Review: Where Things Come Back by John Corey Whaley

Where Things Come Back
By John Corey Whaley
228 Pages
Published by Antheneum

In the remarkable, bizarre, and heart-wrenching summer before Cullen Witter’s senior year of high school, everything he thinks he understands about his small and painfully dull Arkansas town vanishes. His cousin overdoses; his town becomes absurdly obsessed with the alleged reappearance of an extinct woodpecker; and most troubling of all, his sensitive, gifted fifteen-year-old brother, Gabriel, suddenly and inexplicably disappears.

As Cullen navigates a summer of finding and losing love, holding his fragile family together, and muddling his way into adulthood, a young, disillusioned missionary in Africa searches for meaning wherever he can find it. Through masterful plotting, these two stories are brought face-to-face in a surprising and harrowing climax that is tinged with melancholy and regret, comedy and absurdity, and above all, hope.

Going into Where Things Come Back I wasn’t sure what to expect. I had only seen a few reviews for it, but the ones I saw were positive and since I’m looking to expand my horizons by reading more contemporary I decided to give it a try. I’m very glad that I did.

First of all, Whaley’s writing flows really nicely. I’d almost compare him to John Green in some ways, which is a huge compliment since I’m a newly-minted John Green Fangirl. He creates a quirky character in Cullen (he keeps a little notebook of great titles for books he’ll probably never write) and gives him a really strong and distinctive voice. For example:

“When one is sitting in the passenger seat of his best friend’s car as an overenthusiastic hillbilly is ranting in the back seat about being snubbed by a cheerleader at lunch, his mind begins to wander and think about zombies.”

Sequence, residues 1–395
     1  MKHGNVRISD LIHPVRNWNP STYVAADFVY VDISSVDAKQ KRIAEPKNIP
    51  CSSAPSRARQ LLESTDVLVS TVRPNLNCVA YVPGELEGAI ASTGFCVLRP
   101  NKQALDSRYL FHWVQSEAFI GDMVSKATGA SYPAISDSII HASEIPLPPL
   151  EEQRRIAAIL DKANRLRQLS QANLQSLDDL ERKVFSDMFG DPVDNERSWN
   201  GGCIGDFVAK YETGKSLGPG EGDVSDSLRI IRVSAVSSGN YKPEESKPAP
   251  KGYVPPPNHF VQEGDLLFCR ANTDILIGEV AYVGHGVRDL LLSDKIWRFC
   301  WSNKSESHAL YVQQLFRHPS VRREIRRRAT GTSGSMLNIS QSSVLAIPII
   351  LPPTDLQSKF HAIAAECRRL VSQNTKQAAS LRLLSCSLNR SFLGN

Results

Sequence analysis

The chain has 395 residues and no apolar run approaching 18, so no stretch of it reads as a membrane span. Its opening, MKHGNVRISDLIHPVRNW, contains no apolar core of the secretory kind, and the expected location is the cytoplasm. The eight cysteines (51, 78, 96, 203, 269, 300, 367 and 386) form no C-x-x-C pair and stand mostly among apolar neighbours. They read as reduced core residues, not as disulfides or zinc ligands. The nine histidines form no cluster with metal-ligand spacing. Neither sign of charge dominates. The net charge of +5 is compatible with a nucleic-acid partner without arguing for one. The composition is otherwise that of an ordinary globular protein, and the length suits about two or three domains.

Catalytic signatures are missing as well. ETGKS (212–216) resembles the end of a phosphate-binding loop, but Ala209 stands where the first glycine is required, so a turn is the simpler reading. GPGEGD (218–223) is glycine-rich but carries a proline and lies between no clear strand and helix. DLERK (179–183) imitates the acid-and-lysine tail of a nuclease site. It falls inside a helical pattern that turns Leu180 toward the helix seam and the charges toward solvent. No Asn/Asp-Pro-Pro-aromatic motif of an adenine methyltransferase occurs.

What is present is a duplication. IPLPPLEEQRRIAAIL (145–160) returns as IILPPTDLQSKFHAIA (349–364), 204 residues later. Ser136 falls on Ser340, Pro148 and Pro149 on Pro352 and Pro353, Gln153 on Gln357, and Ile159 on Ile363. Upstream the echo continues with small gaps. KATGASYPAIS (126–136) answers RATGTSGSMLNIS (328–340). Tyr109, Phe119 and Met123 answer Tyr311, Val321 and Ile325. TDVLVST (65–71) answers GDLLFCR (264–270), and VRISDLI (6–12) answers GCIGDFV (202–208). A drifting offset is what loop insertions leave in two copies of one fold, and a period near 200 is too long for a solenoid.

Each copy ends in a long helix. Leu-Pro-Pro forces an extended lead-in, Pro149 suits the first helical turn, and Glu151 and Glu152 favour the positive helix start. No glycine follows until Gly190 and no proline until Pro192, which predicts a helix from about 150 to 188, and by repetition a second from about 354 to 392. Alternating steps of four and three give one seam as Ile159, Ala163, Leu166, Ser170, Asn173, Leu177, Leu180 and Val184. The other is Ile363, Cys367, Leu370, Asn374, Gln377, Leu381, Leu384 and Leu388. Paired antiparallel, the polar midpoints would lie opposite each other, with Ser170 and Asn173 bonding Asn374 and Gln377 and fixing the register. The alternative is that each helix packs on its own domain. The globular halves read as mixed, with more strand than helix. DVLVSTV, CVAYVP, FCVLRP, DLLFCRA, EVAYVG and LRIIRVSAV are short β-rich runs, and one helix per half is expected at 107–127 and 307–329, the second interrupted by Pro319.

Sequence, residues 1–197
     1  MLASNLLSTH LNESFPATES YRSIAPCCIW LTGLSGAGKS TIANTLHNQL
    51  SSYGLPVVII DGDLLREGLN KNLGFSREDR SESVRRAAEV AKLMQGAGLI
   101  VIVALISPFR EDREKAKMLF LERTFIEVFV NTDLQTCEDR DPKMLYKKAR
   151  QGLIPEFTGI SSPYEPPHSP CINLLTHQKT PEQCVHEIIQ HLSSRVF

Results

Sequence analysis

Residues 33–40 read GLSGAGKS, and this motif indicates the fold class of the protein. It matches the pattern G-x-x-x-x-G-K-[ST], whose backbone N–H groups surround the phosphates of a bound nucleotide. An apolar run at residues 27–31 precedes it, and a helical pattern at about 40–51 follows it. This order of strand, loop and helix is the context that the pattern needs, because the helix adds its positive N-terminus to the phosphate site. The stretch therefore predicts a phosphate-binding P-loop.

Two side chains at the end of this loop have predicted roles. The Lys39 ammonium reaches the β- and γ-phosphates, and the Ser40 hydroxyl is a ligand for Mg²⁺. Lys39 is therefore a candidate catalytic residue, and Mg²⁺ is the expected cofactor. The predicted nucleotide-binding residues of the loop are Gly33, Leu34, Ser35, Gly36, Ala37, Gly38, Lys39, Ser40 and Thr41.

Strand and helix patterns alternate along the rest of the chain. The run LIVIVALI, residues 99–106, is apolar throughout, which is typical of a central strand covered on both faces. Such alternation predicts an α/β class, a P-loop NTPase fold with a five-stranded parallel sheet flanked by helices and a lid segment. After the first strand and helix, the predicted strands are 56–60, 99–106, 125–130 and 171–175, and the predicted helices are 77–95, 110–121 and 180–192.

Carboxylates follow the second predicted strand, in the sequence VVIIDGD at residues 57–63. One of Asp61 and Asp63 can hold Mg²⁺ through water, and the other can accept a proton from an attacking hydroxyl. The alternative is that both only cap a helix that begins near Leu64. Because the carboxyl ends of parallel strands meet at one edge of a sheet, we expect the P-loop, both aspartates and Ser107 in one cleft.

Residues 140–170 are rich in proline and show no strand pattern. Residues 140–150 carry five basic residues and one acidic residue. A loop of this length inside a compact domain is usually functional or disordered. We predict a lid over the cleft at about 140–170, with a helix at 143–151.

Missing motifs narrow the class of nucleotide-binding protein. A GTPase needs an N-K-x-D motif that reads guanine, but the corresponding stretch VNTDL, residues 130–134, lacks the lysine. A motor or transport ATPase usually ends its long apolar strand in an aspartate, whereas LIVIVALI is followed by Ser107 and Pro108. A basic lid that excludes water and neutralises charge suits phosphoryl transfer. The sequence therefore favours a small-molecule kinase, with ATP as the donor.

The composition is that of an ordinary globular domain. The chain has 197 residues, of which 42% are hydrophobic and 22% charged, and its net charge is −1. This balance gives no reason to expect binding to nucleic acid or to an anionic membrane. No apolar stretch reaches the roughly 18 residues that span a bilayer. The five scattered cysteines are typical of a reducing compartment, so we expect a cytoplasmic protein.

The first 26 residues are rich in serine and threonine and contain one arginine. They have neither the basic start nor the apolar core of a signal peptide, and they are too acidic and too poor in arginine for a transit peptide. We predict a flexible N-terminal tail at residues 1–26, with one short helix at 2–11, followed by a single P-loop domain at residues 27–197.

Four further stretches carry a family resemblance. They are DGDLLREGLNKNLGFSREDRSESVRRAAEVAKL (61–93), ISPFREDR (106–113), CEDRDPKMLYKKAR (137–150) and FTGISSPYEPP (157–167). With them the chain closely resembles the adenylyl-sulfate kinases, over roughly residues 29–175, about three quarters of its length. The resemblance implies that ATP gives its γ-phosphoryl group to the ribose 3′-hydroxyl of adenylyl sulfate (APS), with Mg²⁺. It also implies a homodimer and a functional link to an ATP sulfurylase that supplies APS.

or

“When one is sneaking out of the window of the girl he just slept with, he immediately remembers all the movies in which he’d seen this very thing happen and thought about how these things never happen in real life.”

Cullen is intelligent and reserved and somewhat in awe of his younger brother Gabriel, who goes missing one day. The second half of the book deals with Cullen’s feelings about Gabriel’s disappearance and his hope that he will someday return home.  There’s another storyline going on as well involving a missionary and, eventually, his college roommate and I kept wondering how the two were going to come together and then BOOM. Toward the end of the book everything comes together neatly.

Granted it’s a short-ish book, but I flew through it in literally one sitting (or one bath, at least – I looked like a stewed prune when I got out). It is YA, but if you don’t generally read YA dont’ let that put you off. It would definitely have crossover appeal to adult readers, even though the characters are young. I’m really not doing this book justice – it has a charm that’s impossible to describe in words on a blog. Just read it!

4.5/5 stars

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7 Comments

  1. I’ve been wondering about this one. I was telling my husband about it, but I couldnt get him past the extinct woodpecker part (he’s a wildlife biologist in, you guessed it, Arkansas, and thinks the sighting was a hoax.). Anyhow, this may be the one book in the entire universe he might actually read. I want to try this book at some point. There are so few Arkansas authors, so I feel proud (though I’ve don’t nothing)
    Great review, as usual, Karen!

    Reply
  2. The extinct woodpecker plays a pretty minor role in the story. It exists (or so they claim) but think it’s used more as a metaphor than anything else and as a reason for certain characters to interact.

    Reply
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